Week 3 (4/17): Spectral methods 2

Material. Tensor decomposition for LDA and trees. Spectral clustering.  

Relevant reading.

  1. Moitra chapter 3. http://people.csail.mit.edu/moitra/docs/bookex.pdf
  2. Spectral methods for dimensionality reduction. https://cseweb.ucsd.edu/~saul/papers/smdr_ssl05.pdf.
  3. Tutorial on spectral clustering. http://www.kyb.mpg.de/fileadmin/user_upload/files/publications/attachments/luxburg06_TR_v2_4139%5b1%5d.pdf
  4. Laplacian Eigenmap. http://yeolab.weebly.com/uploads/2/5/5/0/25509700/belkin_laplacian_2003.pdf

Tensor decomposition for signal processing and machine learning. https://arxiv.org/pdf/1607.01668v2.pdf

Form final project groups.

Week 4 (4/24): Sampling. Hamiltonian Monte Carlo.

Material. Review of MCMC. Hamiltonian Monte Carlo.

Relevant reading.

  1. HMC demos. https://arogozhnikov.github.io/2016/12/19/markov_chain_monte_carlo.html
  2. Conceptual overview of HMC. https://arxiv.org/pdf/1701.02434.pdf.
  3. Stochastic Langevin Dynamics (Teh’11)

Firefly Monte Carlo https://arxiv.org/pdf/1403.5693.pdf https://github.com/HIPS/firefly-monte-carlo

Homework out 4/24.

Week 5 (5/1): Variational inference 1

Material. Basic variational inference and examples. Stochastic variational inference.

Relevant reading.

  1. Stochastic variational inference. http://www.columbia.edu/~jwp2128/Papers/HoffmanBleiWangPaisley2013.pdf
  2. VAE. https://arxiv.org/abs/1312.6114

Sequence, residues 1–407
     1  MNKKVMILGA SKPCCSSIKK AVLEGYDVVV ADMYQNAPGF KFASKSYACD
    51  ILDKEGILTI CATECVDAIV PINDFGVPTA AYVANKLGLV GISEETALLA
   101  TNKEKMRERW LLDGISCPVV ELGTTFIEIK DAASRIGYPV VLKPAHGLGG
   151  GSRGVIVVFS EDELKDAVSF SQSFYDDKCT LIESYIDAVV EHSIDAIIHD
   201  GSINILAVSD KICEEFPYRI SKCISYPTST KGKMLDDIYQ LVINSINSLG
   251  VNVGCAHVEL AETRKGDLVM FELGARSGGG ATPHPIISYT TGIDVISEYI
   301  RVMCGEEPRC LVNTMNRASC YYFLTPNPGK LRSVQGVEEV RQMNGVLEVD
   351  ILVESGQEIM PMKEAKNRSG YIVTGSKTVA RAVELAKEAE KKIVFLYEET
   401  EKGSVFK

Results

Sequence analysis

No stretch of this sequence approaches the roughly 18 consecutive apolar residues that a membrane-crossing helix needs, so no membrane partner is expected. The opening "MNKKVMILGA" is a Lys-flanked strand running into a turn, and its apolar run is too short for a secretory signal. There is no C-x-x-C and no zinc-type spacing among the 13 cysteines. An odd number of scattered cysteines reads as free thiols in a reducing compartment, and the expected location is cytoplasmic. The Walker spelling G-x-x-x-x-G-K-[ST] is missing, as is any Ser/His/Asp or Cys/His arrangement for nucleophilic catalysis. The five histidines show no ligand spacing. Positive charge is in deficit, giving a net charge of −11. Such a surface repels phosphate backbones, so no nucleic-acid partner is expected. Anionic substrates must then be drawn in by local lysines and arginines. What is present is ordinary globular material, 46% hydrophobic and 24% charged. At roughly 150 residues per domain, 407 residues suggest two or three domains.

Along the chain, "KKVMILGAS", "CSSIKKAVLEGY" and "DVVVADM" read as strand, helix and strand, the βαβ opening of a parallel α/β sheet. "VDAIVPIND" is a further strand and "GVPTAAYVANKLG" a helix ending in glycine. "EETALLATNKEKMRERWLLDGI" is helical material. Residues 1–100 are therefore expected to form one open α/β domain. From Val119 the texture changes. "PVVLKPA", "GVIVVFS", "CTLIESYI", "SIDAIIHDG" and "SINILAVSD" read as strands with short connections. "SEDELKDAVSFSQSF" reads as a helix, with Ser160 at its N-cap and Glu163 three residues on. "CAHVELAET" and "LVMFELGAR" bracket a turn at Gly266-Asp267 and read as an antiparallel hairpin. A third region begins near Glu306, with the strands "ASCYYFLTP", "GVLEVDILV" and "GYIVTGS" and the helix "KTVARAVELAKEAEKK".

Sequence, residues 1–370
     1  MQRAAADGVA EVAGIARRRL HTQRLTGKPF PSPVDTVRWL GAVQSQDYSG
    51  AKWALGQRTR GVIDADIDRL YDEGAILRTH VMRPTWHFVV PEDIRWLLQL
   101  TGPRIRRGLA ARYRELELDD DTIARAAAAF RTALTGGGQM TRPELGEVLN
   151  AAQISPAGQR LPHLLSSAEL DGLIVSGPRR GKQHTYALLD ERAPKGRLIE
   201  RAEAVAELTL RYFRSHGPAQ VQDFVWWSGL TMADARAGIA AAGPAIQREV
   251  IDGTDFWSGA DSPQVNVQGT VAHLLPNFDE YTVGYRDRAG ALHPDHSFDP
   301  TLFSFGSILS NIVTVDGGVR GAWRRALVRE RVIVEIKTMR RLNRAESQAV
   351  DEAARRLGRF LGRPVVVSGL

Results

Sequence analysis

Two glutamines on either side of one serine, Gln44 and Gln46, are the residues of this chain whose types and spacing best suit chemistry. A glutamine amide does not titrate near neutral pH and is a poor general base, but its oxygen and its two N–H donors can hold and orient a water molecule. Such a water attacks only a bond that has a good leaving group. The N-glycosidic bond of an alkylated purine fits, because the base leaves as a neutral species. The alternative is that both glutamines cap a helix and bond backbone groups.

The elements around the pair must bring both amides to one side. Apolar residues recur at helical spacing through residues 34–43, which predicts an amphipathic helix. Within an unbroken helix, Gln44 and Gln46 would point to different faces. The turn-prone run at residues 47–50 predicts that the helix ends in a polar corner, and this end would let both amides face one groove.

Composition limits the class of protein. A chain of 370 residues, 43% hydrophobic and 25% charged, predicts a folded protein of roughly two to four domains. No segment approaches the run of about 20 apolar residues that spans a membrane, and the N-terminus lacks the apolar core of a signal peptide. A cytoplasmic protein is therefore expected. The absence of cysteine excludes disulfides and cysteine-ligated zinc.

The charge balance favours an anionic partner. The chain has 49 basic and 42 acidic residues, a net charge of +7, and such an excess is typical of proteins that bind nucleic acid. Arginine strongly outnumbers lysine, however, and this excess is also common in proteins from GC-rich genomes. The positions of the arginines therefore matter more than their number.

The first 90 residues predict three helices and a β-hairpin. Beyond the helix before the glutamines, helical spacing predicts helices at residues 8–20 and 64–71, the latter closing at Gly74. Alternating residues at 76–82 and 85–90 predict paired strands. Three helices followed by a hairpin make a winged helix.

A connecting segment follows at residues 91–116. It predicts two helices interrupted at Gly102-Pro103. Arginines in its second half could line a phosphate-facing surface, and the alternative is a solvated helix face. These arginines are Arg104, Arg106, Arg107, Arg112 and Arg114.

3. normalizing flows. http://jmlr.org/proceedings/papers/v37/rezende15.pdf
  4. Streaming variational Bayes. https://papers.nips.cc/paper/4980-streaming-variational-bayes.pdf

Black box variational inference. http://www.cs.columbia.edu/~blei/papers/RanganathGerrishBlei2014.pdf

Homework due 5/4 noon.

Week 6 (5/8): Variational inference 2

Material. Stochastic variational inference. Variational auto-encoder.

Semi-supervised learning with deep generative models. http://papers.nips.cc/paper/5352-semi-supervised-learning-with-deep-generative-models.pdf.

Week 7 (5/15): Project proposal presentations

Project proposal presentation in class.

Learning from imbalanced data. http://ieeexplore.ieee.org/stamp/stamp.jsp?arnumber=5128907

Week 8 (5/22): Robust ML 1: adversarial training

Material. Adversarial attacks.

Relevant reading. 

  1. Explaining and harnessing adversarial examples. https://arxiv.org/pdf/1412.6572.pdf
  2. https://blog.openai.com/adversarial-example-research/